Universal Human Commonalities (UHC)

Metonymy

A metonymy is a figure of speech distinctly used to describe one entity that is representing another entity (such as using “head count” to mean "the number of people"). Metonymy differs from metaphor in that metonymy uses one entity to stand in for another, whereas metaphor uses one entity to describe another.

Synesthetic Metaphor

A synesthetic metaphor is a metaphor that crosses different senses to describe one entity in terms of another. For example, one might refer to a vibrant color as “loud” or a pleasant smell as “sweet.” Synesthetic metaphor specifies a certain sense, but invokes imagery that is linguistically described in terms belonging to a different sense.

Language and Consciousness

Consciousness is an essential component of not just psychology, but linguistics as well. During communication, consciousness allows individuals to distinguish between given information, or what the speaker assumes the listener already knows, and new information, or what the listener is hearing for the first time. Much of communication revolves around the dynamics of information sharing, since speakers must determine what listeners already know and what they need to know in order to advance the conversation.

Loss of Language

For various reasons, some languages wane and eventually become extinct over time. The loss of language can have a profound effect on culture, which is intimately linked to language. “Culture is expressed through language; when language is lost, those things that represent a way of life, a way of valuing, and human reality are also lost.” Linguists argue that teaching children a language in school is not enough to ensure the language will survive.

Phonetic Symbolism

Two forms of phonetic symbolism exist: “associative or referential, and phonic or expressive.” An experiment attempted to measure feelings of symbolism associated with certain vowels and consonants, separated from the meaningful words in which these letters usually appear. The results found that participants were more likely to consider fake words with the letter ‘a’ larger than fake words with the letter ‘i’.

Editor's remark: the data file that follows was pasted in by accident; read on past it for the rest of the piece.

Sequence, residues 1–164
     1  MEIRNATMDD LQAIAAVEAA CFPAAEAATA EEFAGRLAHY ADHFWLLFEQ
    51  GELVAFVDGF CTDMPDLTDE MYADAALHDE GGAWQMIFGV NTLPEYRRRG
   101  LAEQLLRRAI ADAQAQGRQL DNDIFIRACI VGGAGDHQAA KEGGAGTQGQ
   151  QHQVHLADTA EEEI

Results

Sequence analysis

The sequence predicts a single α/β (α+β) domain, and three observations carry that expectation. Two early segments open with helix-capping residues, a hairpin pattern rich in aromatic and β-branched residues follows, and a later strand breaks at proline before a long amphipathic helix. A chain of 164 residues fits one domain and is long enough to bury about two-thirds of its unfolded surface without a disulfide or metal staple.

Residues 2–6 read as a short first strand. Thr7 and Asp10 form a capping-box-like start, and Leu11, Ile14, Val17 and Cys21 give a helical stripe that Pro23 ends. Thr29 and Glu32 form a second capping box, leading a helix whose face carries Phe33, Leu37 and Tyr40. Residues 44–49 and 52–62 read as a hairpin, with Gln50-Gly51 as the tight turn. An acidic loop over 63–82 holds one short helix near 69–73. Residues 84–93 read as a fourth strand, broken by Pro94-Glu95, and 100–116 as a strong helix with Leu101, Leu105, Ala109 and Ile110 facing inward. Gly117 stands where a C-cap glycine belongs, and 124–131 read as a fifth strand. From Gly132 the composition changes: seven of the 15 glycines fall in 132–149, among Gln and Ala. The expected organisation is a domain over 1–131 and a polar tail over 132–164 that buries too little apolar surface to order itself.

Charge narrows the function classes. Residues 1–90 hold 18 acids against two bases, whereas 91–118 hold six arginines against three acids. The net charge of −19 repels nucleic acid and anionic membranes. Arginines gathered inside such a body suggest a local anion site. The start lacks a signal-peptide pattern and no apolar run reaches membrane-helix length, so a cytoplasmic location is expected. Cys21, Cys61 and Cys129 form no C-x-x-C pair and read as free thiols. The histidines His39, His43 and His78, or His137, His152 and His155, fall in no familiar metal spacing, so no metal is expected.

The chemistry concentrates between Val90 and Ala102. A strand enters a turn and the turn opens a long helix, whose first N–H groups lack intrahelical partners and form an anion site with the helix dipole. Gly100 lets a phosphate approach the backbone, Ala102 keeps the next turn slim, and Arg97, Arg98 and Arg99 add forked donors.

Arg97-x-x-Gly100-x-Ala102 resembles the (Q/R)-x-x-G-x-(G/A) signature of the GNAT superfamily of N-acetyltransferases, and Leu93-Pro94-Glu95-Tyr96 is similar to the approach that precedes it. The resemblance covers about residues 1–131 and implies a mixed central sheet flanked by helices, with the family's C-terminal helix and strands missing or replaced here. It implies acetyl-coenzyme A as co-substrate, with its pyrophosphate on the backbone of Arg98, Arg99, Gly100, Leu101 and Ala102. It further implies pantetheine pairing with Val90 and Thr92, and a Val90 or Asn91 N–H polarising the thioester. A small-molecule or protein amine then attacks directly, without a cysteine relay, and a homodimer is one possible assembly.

Symbolic Speech

Symbolic speech is a specific form of communication, involving actions that clearly and purposely convey a particular message. A notable example of symbolic speech is the act of flag burning, which clearly conveys feelings of anger toward a nation without overt verbal expression. This type of behavior is found in all cultures, where various gestures represent different sentiments depending on the culture.

Freedom of Speech

Freedom of speech is the right to express one’s beliefs and ideas via speech without discrimination. Though it is technically a political right, granted by various national and international human rights laws, freedom of speech is considered a universal, natural right of all humans. However, in practice, there are usually some limitations to freedom of speech, involving acts such as libel or slander. In the past, much of the debate regarding freedom of speech involved the degree to which speech should be protected.

Linguistic Redundancy

Linguistic redundancy refers to parts of a language that are repetitive and can be removed without damaging the effectiveness of communication. This exists in all facets of language, from spelling and words to semantics and syntax. Though redundancy might be interpreted as unnecessary and negative, many linguists believe it is a fundamental attribute of language. “Linguistic redundancy consists of grammatical redundancy and contextual redundancy, whose various functions contribute to successful communication”.

Sememes (Meaningful Elements in Language)

A sememe is the smallest unit of semantics, responsible for transmitting meaning in all natural languages. Sememes are a basic component of language that "can be used independently" and "expressed by specific linguistic form." For example, the sememe ‘move’ means ‘to move’, but also conveys meanings for ‘roll’, ‘jump’, or ‘turn’ in an abstract sense. The analysis of sememes involves observing the primary motive of the sememe, rather than looking at how it can be manipulated to create other meanings.

Cognitive Semantics

Cognitive semantics is a unique approach to the field of linguistics, characterized by the idea that the meanings of words are not inherent, but rather conceptual and based on personal understanding.

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